This Tech Company is Cheap and Hedge Funds are Buying
Mike is a member of The Motley Fool Blog Network -- entries represent the personal opinion of the blogger and are not formally edited.
Seagate Technology (NASDAQ: STX) is not in a sexy business. Most consumers don't care about the company making their hard drive; they just want to have a large number of GBs to store games, movies, and Justin Bieber songs. However, if the company making the hard drive is raking in the cash, in a duopoly, and trading at a great yield, investors should be interested. Some certainly are, such as the legendary hedge fund manager David Einhorn. Other hedge funds into Seagate are Litespeed Capital and Iridian Asset Management.
Growing Business in a Shrinking Industry
Due to a Seagate's sales growth, earnings have increased 750% year over year. Not bad, I guess. This is even with an issue regarding a high margin enterprise unit that killed the sales of 1.5 million hard drives in June. Yes, Seagate has made two acquisitions in the past year but LaCie was purchased after these earnings were reported and the Samsung hard drive unit was losing money when purchased.
The acquisitions in the past year created a duopoly in the hard drive market. Less competitors means more business and usually higher profit margins as pricing power increases. Given Seagate's decent moat through branding and technological innovation, when compared to competitors in the space, it already has a profit margin of 19%. The other guy in the duopoly is Western Digital (NASDAQ: WDC) and their profit margin is only about 13%. Plus, Seagate management is pushing Seagate into higher margin segments. First, with their movement into the enterprise space and, secondly, with their purchase of the premium hard drive manufacturer, LaCie.
One aspect catching the eye of many investors is the amount of operating cash flow heading back into shareholder's hands. In the first half of 2012, 85% of operating cash flow was paid out in dividends or share redemptions. Dividends have been increased more than once in the last 52 weeks and the dividend yield is currently at 4.20%. Management redeemed 19% of outstanding stock in the first half of 2012! Plus they plan to reduce outstanding stock by about 12% more by the end of 2012. This is what we want from a highly profitable company in a shrinking industry.
So, it's a great company heading in the right direction, but what are we paying for it? Not much. The stock is trading at a 4.7 PE right now. This low PE mixed with the company's high ROIC puts Seagate in the top 30 on Joel Greenblatt's Magic Formula. The PE is lower than Western Digital's PE which is at 6.2.
Currently, the book value per share is about $8.80 compared to the $30.50 stock price but after the share redemptions in the second half of 2012, the book value per share should be about 12% higher at $9.85. Is the business worth the $21 over the future book value per share? If the industry was expected to grow or remain flat, the answer would definitely be yes. However, things aren't looking so peachy in the industry.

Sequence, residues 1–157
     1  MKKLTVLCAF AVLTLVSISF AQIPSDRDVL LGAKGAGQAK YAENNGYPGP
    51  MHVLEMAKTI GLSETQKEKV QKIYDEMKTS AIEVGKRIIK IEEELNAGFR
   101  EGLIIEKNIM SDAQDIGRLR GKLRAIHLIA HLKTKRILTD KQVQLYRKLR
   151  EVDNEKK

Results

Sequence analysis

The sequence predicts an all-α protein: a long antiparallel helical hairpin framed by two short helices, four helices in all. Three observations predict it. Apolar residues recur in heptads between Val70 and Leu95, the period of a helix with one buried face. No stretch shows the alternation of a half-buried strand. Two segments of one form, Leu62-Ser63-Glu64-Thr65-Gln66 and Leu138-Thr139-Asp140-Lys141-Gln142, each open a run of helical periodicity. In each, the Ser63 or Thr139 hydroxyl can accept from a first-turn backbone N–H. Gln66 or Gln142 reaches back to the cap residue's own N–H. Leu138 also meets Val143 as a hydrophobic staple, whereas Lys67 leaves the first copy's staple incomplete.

First of all, your typical consumer PCs are on the decline and 74% of Seagate's sales are to consumer PC manufacturers. Consumers have less use for PCs these days with tablets and smartphones/pocket computers. Seagate isn't getting any of those markets. On top of this, Apple (NASDAQ: AAPL) is taking a lot of the consumer laptop market and Apple has no desire to install outside hard drives into their systems these days. Apple did include Seagate hard drives in the iMacs a few years ago but not anymore. According to PC Mag, HP (NYSE: HPQ) did take back top spot from Apple in Q1 but who knows if it will last. HP shipped millions of PC units to customers and many of these PCs retained Seagate hard drives.
Seagate is making moves to lower their risks though. They are trying to move more into the enterprise space where margins are better and demand is steady. Also, Seagate has a cloud backup and recovery service that is small but growing. Given their storage expertise, they could do well in the backup services arena.
There are also ways the investor can mitigate risks of a declining market. An investor could hedge his/her bets by shorting the consumer PC market. So then Seagate only has to perform well compared to the consumer PC market.
You could follow Einhorn's lead and beat on more than one horse in the race. Guess what stock is that surpassing Seagate in his portfolio...Apple. He is betting on the super cheap hard drive manufacturer and the company that is leading the fight against the old PCs. Will the market reward him for mixing the sexy with the unsexy? It has so far.
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mthiessen owns shares of Seagate Technology. mthiessen runs a partnership that invests in public and private companies. The Motley Fool owns shares of Apple and Western Digital. Motley Fool newsletter services recommend Apple. Try any of our Foolish newsletter services free for 30 days. We Fools may not all hold the same opinions, but we all believe that considering a diverse range of insights makes us better investors. The Motley Fool has a disclosure policy.If you have questions about this post or the Fool’s blog network, click here for information.